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Biomarkers, monitoring & outcomes

Tuesday September 13, 2022 - 17:35 to 18:35

Room: CF-5

344.5 Reduced Epidermal Growth Factor (EGF) Expression During Antibody Mediated Rejection Following Heart Transplantation

Sam Kavarana, United States

Medical University of South Carolina


Reduced epidermal growth factor (EGF) expression during antibody mediated rejection following heart transplantation

Sam Kavarana1, Emma Bradley1, Catherine MarElia-Bennett1, Minoo Kavarana2, Omar Moussa1.

1Pathology and Surgery, Medical University of South Carolina, Charleston, SC, United States; 2Pathology and Laboratory Medicine, Medical University of South Carolina, Charleston, United States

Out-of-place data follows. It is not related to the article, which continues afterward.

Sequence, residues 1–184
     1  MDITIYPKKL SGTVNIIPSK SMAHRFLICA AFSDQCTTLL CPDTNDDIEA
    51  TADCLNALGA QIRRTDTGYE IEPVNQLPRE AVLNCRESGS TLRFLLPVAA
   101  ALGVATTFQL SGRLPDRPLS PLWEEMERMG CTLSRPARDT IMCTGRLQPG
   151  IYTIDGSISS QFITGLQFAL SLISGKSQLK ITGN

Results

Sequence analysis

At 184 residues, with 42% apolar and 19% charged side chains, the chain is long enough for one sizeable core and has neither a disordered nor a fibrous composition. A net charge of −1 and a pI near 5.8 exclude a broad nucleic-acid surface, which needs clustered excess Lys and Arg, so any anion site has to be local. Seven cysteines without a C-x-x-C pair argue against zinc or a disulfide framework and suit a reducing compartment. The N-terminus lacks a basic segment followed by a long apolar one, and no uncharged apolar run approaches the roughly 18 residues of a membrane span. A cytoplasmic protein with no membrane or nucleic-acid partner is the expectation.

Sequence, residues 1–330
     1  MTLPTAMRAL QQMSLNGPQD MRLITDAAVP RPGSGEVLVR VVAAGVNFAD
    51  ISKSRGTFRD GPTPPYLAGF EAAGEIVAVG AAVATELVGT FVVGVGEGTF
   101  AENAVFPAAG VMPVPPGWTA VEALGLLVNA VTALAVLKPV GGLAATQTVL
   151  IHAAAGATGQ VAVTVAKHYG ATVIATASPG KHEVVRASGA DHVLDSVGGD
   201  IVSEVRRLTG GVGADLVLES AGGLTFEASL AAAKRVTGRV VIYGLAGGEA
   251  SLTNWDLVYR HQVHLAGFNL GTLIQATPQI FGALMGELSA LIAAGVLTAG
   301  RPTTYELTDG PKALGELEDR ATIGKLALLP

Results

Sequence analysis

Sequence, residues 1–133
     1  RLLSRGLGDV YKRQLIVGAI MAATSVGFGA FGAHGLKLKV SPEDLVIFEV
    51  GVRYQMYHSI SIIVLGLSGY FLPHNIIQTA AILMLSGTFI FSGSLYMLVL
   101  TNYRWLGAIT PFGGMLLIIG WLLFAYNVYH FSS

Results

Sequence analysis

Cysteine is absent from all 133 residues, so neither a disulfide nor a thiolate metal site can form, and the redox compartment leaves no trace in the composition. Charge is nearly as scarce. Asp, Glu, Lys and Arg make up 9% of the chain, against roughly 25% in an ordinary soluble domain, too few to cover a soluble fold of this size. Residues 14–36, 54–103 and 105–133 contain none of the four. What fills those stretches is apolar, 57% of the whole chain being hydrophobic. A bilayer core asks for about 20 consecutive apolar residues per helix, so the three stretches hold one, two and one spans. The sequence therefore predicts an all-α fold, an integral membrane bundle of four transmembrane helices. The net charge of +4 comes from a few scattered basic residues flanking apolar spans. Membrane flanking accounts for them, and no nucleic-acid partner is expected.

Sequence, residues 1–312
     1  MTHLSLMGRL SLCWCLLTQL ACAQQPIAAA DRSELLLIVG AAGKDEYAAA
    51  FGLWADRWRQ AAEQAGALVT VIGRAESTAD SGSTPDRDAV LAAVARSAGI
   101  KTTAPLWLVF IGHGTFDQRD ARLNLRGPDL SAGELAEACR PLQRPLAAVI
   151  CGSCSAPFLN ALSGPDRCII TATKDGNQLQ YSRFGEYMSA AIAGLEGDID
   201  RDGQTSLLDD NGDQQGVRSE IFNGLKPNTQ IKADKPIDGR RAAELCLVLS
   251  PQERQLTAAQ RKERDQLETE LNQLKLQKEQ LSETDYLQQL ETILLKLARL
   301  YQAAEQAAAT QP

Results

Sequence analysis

Antibody mediated rejection (AMR) remains one of the major challenges for long-term survival following heart transplantation. The immediate and long-term impact of HLA antibodies on graft survival is well established. However, the signaling pathways that are involved in AMR are not well established. Endothelial cell activation by HLA antibodies lead to the activation of several downstream signaling pathways. We utilized an in vitro primary human endothelial cell model treated with humanized monoclonal antibodies to HLA Class I antigens to identify the signaling pathways involved in AMR. A reduction of epidermal growth factor (EGF) levels in endothelial cells was observed following coupling these cells with HLA antibodies. We confirmed this result with ELISA assays of the cell culture supernatant of endothelial cells treated with humanized monoclonal antibodies to HLA class I antigens (mean 32 pg/ml ±SD 4.5 vs control cells 53 ±SD 7.2 pg/ml). Serum EGF levels were evaluated in heart transplant recipients with and without AMR. In patients with AMR (n=16), the mean serum EGF levels were significantly reduced as compared to patients with no AMR (n=22) (151.6± SD 73 pg/mlvs.237.4± SD 52.94 pg/ml, p <0.05). Our data indicates reduced EGF expression in heart transplantation recipients with AMR. This reduction might suggest that EGF could have a protective effect in heart transplant recipients during AMR. This is the first study to demonstrate a correlation between serum EGF levels and AMR in heart transplant recipients.

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